Hidden Dangers

Not to say that the steps outlined above aren’t important, they definitely are the basic starting points for a secure system. However, if that’s all you’re doing to secure your systems, then you’re not doing nearly enough. As the internet grows, matures, and changes, so too do our means of accessing and interacting with our technology. Each of these new means of access and interaction open up new avenues of potential attack.

VNC, For Example

Take, for example, remote access software like VNC. This software allows one computer to remotely connect to another computer. Consider the implications of that for just a moment. You may have people who work from home some days. If they need files from their computer, they may use a program like this to access them directly, rather than putting them on a Cloud drive somewhere. That’s potentially dangerous for a number of reasons, but two stand out.

First, the remote machine almost certainly isn’t under your direct control, and probably isn’t protected to the same level that your office machines are. Second, if that machine is hacked and taken over, it would allow a hacker a way into your network that totally bypasses all the security measures you have carefully put in place.

Even worse, these kinds of programs are often two way mirrors, meaning that unless you implement some kind of password protection on your machine when you install the software, then anybody who’s snooping can have a look at what you’re doing on the machine, and even outright take it over.

Worst of all, a significant percentage of people who use this type of software don’t password protect themselves or their own systems. They are leaving themselves wide open to attack, and they’re leaving any other computer that they remote connect to wide open to attack as well.

Just The Starting Point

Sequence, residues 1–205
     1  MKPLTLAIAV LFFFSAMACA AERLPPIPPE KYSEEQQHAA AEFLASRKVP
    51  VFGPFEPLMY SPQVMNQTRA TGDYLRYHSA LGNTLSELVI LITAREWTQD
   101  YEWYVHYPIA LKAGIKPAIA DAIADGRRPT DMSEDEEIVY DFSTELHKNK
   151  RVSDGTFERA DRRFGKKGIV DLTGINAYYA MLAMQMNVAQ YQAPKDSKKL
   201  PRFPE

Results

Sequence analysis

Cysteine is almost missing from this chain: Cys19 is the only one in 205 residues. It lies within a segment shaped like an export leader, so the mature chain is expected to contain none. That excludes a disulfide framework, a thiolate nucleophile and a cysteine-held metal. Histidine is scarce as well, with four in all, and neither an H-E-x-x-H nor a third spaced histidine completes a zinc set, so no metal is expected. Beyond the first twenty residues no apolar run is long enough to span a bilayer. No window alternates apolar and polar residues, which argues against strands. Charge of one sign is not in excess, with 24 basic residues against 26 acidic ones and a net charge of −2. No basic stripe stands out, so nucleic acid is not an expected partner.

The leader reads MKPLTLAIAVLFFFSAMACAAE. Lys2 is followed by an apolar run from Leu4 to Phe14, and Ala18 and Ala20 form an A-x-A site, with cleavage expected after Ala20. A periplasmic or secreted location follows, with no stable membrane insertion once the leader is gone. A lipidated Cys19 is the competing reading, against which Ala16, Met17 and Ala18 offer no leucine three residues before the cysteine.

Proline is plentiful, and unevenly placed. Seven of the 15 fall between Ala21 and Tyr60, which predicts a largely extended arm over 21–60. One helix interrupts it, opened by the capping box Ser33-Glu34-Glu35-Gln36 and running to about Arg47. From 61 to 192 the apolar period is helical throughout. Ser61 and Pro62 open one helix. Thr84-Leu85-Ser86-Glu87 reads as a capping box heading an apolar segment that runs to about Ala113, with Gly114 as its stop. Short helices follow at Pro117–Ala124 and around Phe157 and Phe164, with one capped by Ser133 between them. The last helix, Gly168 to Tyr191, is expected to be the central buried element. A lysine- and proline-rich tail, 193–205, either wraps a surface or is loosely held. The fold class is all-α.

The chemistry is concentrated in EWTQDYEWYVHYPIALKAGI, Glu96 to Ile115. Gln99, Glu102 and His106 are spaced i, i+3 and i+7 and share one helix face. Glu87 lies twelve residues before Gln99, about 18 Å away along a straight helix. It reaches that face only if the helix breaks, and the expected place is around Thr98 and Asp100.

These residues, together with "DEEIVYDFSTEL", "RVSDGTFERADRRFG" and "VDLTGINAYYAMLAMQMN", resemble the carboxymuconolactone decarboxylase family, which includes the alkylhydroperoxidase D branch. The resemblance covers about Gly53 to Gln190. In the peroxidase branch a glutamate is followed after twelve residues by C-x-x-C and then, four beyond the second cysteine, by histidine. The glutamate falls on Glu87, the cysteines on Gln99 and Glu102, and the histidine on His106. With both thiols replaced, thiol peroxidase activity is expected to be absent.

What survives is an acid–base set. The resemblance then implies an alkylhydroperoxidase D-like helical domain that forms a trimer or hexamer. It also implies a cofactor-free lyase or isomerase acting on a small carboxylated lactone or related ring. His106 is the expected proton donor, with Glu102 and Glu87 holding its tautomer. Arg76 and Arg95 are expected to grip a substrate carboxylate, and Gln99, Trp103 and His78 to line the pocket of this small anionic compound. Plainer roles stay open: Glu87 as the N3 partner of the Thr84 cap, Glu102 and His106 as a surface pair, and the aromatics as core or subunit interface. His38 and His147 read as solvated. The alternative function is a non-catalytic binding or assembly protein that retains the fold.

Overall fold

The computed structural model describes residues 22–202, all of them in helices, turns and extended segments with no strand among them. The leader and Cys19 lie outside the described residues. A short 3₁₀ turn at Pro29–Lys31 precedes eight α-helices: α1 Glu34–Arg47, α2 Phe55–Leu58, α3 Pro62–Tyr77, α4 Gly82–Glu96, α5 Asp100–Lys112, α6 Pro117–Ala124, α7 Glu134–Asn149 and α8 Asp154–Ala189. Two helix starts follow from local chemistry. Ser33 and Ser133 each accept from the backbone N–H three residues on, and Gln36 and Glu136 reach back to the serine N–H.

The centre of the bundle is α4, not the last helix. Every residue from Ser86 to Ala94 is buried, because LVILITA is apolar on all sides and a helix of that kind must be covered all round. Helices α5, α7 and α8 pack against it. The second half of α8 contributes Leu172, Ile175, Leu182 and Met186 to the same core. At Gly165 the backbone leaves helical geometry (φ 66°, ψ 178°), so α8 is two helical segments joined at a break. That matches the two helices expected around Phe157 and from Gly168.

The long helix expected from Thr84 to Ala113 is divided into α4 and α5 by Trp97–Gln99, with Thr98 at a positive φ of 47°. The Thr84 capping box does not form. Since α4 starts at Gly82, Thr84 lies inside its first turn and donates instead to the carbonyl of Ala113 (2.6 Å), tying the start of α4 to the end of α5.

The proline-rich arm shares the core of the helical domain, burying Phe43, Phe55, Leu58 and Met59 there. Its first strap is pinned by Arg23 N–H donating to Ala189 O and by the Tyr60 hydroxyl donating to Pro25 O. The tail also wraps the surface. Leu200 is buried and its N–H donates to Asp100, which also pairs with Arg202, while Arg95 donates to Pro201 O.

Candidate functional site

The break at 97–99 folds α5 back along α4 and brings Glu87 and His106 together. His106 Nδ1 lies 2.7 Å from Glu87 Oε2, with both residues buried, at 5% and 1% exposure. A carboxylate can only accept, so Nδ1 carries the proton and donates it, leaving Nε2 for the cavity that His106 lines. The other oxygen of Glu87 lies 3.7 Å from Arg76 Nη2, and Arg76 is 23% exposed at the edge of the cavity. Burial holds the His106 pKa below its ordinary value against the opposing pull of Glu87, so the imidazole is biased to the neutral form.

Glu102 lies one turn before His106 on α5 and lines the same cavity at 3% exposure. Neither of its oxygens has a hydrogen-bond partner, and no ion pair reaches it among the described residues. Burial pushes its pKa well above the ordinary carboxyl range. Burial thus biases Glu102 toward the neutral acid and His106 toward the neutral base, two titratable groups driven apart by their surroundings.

By itself this is a recipe for disaster. The number of completely wide open, vulnerable systems is staggering, but that’s just the tip of the iceberg. We’ve been sounding the alarm for months now about the astounding growth of the Internet of Objects, and how virtually all objects on the internet are lacking even the most basic protections to keep them from being hacked.

Absolutely nothing has been done to address this issue so far. Given the rate that new entities are being added to the internet of objects, the percentage of completely vulnerable objects continues to climb. These objects range from sensors that report on the functionality of hundreds of thousands of cars being driven by their owners, to municipal water systems, to power companies, and more. All wide open, all completely vulnerable to attack. It’s not a question of if, it’s a question of when and how much damage will result from a major attack.

Do your part to begin securing the internet before it implodes. Secure your systems now; start with remote access points and move on to objects. This is an excellent project to contact a professional IT company about before it’s too late.

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What You Need to Know About Amazon’s Delivery Drones Mon, 08 Sep 2014 15:00:00 +0000 By now, you’ve probably heard all the buzz and excitement about Amazon’s plan to use drones to deliver at least some of ...]]> box-158523_640By now, you’ve probably heard all the buzz and excitement about Amazon’s plan to use drones to deliver at least some of its packages and parcels. Some critics are saying that it’s merely a publicity stunt, and while that’s certainly possible, it doesn’t seem very likely. Amazon isn’t well known for doing publicity stunts of this sort. More possibly it’s a genuine field test to see if the idea is viable. After all, you don’t hire lobbyists and start winding your way through the FAA approvals process in order to run a little PR campaign.

The Nuts & Bolts Of Amazon’s Plan

For the moment, the company is conducting limited scale tests with a service they’re calling “Amazon Prime Air.” The idea is that in selected locations, when a customer orders something, if their package weighs less than five pounds total, and the customer is in one of the test service areas, they’re promising deliver in about thirty minutes.